HUBS Internship Program: A Brief Report (Kurt)


Kurt Pintscher Intern at Dong-Wha Pharmaceuticals

One main reason why I chose to study in Korea was a previous visit in 2012 and the few but interesting insights into the Korean way of life I had during those four days. Back then I did an internship with a German manufacturing company in Shanghai, China. These six months gave me a basic understanding of the Chinese culture and way of thinking. Because of that, I planned to work in Korea as well after finishing my exchange semester.

After I was accepted by Hanyang University in the beginning of this year, I contacted some companies in Korea and applied for an internship from December on. However none of them were interested as having a foreign intern was concidered to be too much work. Luckily one day in October my Professor Renee Kim Boyoung offered the unique opportunity to her graduate students to apply for an internship at the leading Korean pharmaceutical manufacturer, Dong Wha Pharm Co. Ltd. As you can imagine I immediately handed in my application papers. Some days later about ten applicants were invited to the first out of two applications phases. Everyone was asked to give a short presentation to Professor Kim and a representative of the Office of International Relations & Accreditation  about his or her intentions to apply for the internship program.

Around two weeks later the remaining five applicants entered the second application phase. This time we were invited to the headquater located near Seoul Station. Compared to a the job interviews I had so far in Germany, a Korean one is likely to be on a more personal level as interpersonal relations at work are, from my point of view, in general valued higher in Asia than in Europe. Another two weeks later, I started working in the Global Business Team. So how is working in Korea like?

There are things that are very similar to working in Europe and other aspects that are significantly different. Like with my previous jobs in Germany and China a certain task was assigned to me in the beginning and I was free to find my own way of coping with it. Whenever I had any questions all team members were happy to answer them. At the end of each week, I had to present my results and the whole team discussed about my tasks for the following week. Suggestions I made were appreciated and feedback was more than welcome. To summerize it: When it comes to working as fulfilling a given task, there are, from my point of view, no great differences to my previous work experiences.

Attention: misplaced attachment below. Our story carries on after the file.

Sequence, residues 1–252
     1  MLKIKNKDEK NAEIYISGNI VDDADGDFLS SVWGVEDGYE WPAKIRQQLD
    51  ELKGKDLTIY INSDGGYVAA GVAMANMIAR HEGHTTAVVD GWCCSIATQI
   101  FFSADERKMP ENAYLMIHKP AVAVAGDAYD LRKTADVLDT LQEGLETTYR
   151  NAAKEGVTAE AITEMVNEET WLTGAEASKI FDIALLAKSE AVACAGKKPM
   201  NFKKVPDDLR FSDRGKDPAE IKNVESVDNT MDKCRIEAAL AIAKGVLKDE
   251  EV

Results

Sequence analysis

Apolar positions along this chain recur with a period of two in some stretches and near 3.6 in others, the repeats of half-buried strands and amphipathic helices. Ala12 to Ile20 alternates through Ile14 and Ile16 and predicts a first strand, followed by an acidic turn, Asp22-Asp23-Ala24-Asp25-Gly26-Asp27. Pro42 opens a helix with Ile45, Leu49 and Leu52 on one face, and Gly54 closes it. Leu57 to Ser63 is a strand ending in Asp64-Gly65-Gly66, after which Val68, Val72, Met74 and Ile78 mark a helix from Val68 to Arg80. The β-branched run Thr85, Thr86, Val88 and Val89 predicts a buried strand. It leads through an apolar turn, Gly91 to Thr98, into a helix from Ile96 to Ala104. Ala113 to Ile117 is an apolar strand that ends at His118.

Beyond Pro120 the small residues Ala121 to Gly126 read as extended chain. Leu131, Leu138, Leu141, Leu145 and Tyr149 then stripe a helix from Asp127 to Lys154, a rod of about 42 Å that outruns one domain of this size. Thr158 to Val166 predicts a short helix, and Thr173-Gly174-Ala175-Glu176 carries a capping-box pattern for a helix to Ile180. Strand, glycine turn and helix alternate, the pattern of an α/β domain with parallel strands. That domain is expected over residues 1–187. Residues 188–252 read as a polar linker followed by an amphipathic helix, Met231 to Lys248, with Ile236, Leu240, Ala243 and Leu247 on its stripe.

However, when talking about work as the better part of your week that you spend with a limited amount of people and the social interaction taking place within this time, there are some differences. Whether these differences are perceived as something positive or negative depends on the person you talk to. In general in Korea it is common to spend much more of your private time with your colleagues. You not only spend your lunch break together but also sometimes have a dinner together after work (called Hoeshik) or have a trip to the countryside on the weekend. During the month I was working for the pharmaceutical company I took part in each of these happenings as I think it is an effective way of team building and a great way to get to know the Korean culture better. We for example went to an opera on Friday night, visited a winery on Saturday or another team dinner on my final day the following Friday. As you see these activities can affect your weekend plans. Especially among younger Koreans there is a growing number of people, that claim their weekend as a work-free time. In contrast to that, having a dinner and drinks on the company you are working for is unique.

Another aspect worth mentioning is the frequency and intensity of these kind of events, which simultaneously are the main reasons for the aversion of parts of the younger work force. When having a team dinner you are very likely to come home around 12 P.M. but are expected to be at your desk the following morning at 9 A.M. You can imagine, that when there are more than one of these occasions in one week, this might cause some stress to employees. Luckily my team members were happy to spend their private time with me. From my point of view, the Korean corporate culture can be a big fun, when you are, as in my case, fortunate to work with people you can call friends after some weeks. I actually planned to leave Korea before Christmas but thanks to this internship I will come back in February in order to attend the wedding of one of my team members. As you see, an internship at a domestic company will offer you more insights into the Korean culture than you might have during studying as an exchange student. That is why I can only recommend you to take this opportunity.

Finally I would like to thank my professor Professor Kim, the team of the Office of International Relations and Accreditation at HUBS and the management of the pharmaceutical company to offer this unique chance to exchange students of Hanyang University. However the people that made this last month in Korea a very special one, are my team members. Thank you for being the best colleagues one can imagine.


Company Trip to the Countryside


PS: To further encourage you to take this step, you should know that 4 out of 10 applicants from the first application phase finally got the chance to do an internship. Keep in mind, the next intern could be you.


Article by Kurt from Germany

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